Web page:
Toys, chocolate, flowers, and…DNA tests?
Yes, DNA tests have become surprisingly popular holiday gifts. The way someone would gift you a subscription to a magazine or newspaper, now you can gift someone a chance to find out about their ancestry and health.
If you happened to be on the receiving end of a 23andMe or Ancestry gift, don’t be in a rush to mail back your spit.
There are a few things you need to know first.
Getting a doctor-ordered DNA test is very different from … Read the rest >>
It’s so easy and convenient. You order online, spit in a tube, and send it back for testing.
In a few weeks, you receive your DNA results detailing how your ancestry breaks down or if you’d taken a health test, what diseases you are at risk of.
Even as consumer genealogy DNA tests have gotten popular, not many customers are considering the risk to their privacy when they take a DNA test.
Since the rise of consumer genetic testing, people getting DNA tests do it for two reasons.
One, tracing their ancestry and discovering unknown family members. Two, finding out if they are at risk of any genetic diseases.
Many people also do it for both reasons.
But the utility of DNA tests has gone beyond ancestry and health testing. Startups and companies have now introduced new forms of testing that they promise will helps us discover even more about ourselves.
One new area of testing that has gotten popular is DNA fitness testing.
The premise is simple: take a … Read the rest >>
As costs have come down, and it feels like every friend and family member has taken a DNA test, more people are sending in their spit to learn more about their ancestry, health, or both.
But these services are not growing alone. Following closely behind are follow-on DNA services like Promethease and GEDmatch that mine additional information from customers’ raw DNA data.
Three DNA testing companies -23andMe, Ancestry, and Helix- have come together to form the Coalition for Genetic Data Protection (CGDP). The alliance’s purpose is to set best practices regarding the handling of DNA information ostensibly.
It’s also meant to coordinate lobbying efforts in Washington at a time when Congress’ scrutiny of the industry is intensifying. The coalition is run by Mehlman Castagnetti Rosen & Thomas, a prominent Washington DC lobbying firm.
Its objective is to guide lawmakers in Washington on privacy regulations meant for an industry that’s currently enjoying substantial growth.
DNA testing companies … Read the rest >>
The booming DTC (direct to consumer) genetic testing industry is causing divided opinions.
On the one hand, some users have happily connected with long lost or unknown relatives after sending their DNA samples.
On the other, more donor-conceived people are using ancestry sites to figure out who their biological parents are. Some have been amazed to learn they have dozens of half-siblings.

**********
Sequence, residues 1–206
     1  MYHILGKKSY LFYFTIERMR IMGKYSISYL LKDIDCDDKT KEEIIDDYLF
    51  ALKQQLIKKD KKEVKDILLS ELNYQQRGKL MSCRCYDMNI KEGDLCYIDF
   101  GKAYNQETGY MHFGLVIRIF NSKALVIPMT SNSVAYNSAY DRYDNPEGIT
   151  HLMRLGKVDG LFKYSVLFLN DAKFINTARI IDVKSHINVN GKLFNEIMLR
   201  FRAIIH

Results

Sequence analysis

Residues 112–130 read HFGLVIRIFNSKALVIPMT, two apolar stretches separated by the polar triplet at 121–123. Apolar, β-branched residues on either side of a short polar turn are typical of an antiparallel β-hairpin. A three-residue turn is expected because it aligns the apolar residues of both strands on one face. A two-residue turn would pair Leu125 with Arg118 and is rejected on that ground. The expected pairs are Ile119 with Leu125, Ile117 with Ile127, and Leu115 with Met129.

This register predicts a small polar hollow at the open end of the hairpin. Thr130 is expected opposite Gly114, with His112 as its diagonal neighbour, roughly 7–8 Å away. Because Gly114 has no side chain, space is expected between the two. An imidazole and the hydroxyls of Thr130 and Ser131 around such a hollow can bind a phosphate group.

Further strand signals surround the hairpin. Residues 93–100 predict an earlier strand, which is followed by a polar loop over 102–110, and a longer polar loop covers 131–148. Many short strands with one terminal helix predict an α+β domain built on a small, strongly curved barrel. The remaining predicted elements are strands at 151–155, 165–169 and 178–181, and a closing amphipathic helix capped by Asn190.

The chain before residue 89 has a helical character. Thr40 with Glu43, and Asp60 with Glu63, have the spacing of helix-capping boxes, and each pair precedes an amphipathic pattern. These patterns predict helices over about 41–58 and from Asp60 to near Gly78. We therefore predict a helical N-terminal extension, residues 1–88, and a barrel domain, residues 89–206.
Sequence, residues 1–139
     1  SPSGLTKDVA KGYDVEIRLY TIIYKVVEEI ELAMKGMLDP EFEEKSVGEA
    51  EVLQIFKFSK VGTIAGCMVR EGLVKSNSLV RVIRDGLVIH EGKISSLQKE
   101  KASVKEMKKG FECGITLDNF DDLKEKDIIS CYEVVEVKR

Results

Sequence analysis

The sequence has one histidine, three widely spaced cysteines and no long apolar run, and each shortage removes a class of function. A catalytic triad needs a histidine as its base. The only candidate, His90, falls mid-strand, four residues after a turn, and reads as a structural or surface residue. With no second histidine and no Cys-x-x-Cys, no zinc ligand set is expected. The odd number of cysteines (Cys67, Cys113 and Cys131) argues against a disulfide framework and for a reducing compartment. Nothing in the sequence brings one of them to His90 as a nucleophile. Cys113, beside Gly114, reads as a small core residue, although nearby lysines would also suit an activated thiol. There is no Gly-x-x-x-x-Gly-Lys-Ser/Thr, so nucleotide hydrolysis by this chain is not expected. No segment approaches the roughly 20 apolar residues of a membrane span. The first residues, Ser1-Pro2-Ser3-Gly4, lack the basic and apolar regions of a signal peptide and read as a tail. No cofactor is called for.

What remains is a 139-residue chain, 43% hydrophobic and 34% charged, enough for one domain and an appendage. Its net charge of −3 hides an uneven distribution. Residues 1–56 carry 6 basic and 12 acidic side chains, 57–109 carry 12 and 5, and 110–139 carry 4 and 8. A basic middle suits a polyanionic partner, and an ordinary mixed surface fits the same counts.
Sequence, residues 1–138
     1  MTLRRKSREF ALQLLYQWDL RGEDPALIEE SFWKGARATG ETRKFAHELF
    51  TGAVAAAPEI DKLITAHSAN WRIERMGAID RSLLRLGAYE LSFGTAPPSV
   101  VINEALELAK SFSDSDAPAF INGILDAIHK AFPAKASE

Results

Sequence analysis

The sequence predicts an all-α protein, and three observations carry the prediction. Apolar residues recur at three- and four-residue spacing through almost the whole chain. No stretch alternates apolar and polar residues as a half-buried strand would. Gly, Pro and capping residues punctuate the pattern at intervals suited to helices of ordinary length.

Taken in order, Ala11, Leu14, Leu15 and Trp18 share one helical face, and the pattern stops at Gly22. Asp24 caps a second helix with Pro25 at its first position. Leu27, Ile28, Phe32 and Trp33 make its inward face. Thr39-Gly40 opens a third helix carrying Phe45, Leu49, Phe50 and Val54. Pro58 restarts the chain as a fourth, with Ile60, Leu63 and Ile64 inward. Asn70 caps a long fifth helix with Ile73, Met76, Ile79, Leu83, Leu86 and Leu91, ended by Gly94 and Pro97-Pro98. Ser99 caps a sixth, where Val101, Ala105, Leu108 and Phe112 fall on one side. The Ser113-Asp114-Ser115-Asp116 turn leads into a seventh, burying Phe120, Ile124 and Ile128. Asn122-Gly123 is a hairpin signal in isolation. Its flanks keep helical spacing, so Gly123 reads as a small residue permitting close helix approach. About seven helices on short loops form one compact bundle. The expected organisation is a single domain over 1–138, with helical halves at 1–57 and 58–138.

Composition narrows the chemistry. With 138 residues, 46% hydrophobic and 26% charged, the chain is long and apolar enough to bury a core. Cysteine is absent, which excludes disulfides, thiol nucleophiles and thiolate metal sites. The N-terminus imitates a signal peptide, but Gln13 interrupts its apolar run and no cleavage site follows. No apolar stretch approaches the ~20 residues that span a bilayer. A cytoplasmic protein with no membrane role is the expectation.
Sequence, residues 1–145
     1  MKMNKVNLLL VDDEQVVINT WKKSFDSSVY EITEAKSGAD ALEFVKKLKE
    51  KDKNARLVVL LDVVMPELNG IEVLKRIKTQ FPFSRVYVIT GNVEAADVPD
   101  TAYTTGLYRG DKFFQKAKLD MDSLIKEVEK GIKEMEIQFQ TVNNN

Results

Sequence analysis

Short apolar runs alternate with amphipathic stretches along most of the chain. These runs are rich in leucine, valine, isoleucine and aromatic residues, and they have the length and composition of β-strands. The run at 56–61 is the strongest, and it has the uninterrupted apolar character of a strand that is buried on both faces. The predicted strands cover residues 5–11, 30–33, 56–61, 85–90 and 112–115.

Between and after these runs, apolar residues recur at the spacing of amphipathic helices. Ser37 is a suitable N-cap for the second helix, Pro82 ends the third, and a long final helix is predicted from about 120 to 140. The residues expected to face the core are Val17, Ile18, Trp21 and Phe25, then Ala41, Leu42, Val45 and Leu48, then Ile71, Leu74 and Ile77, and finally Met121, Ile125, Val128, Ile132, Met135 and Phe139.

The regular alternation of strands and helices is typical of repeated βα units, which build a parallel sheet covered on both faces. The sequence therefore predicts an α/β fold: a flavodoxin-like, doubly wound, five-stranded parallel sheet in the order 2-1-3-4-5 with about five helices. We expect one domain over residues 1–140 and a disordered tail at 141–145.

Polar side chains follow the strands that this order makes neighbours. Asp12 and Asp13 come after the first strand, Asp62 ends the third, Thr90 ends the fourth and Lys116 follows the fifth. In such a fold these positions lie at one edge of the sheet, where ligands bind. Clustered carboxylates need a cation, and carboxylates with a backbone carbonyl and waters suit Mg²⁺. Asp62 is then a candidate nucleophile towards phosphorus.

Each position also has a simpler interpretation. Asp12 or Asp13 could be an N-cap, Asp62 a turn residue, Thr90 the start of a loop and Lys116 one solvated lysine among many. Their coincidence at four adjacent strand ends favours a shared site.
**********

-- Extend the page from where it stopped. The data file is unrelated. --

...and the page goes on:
Donors who submitted their sperm decades ago under the promise of anonymity are also having to contend with unintended exposure. What does this mean for them, their progeny, sperm banks, DNA testing companies, and other interested parties?
DNA testing company 23andMe is looking to entrench itself in the healthcare industry further. Having already amassed and a huge database of DNA profiles, it is eager to gather more health data from its millions of users.
The company is expected to collect a user’s medical history, prescription information, and lab results.
You’ll have the chance to submit these details after receiving your DNA results. Initially starting as a beta program, the service will gradually roll out to all of its clients.
Having sold nearly 10 million at-home DNA testing kits, 23andMe hopes to become a more inclusive health tech … Read the rest >>
The tax agency’s decision was first made in May 2019. It allows the purchase of 23andMe kits using pretax dollars held in Flexible Savings Accounts (FSA) and Health Savings Accounts (HSA).
It’s a significant boost to a company that is already reaping the benefits of having a first-mover advantage. DNA testing kits are riding a vast popularity wave, mostly because of the ancestry services they offer.
Other than ancestry results, 23andMe’s Health + Ancestry Service option offers additional health reports based on your DNA profile. These tell you whether you carry any variant of a genetic condition that might be … Read the rest >>
The American Society for Reproductive Medicine recommends that a sperm donor father no more than 25 births per a population of 800,000.
But since those are just recommendations, there have been several cases of over-enthusiastic donors.
The most recent one to hit the headlines is that of Bachelorette contestant, Matteo, who claims to have fathered 114 children through frequent sperm donations.
He’s just 25.
Although sperm banks have been around for decades, they’ve recently witnessed a rise in popularity due to changing socio-cultural norms.
In the past, their services were mainly utilized by married, childless … Read the rest >>
By uploading the latest tranche of historical records to Irish genealogy ie, the Irish government reaffirmed its commitment to the digitization of historical records.
The Irish Times reports that the new records cover births from 1864 to 1918, marriages (1864-1943), and deaths (1878-1968).
These files, which are free to access, present a welcome development to people keen on researching their Irish roots.
Other than births, marriages and deaths, the site also contains other files such as church records. It’s an important resource for both hobbyists and academics looking for historical information.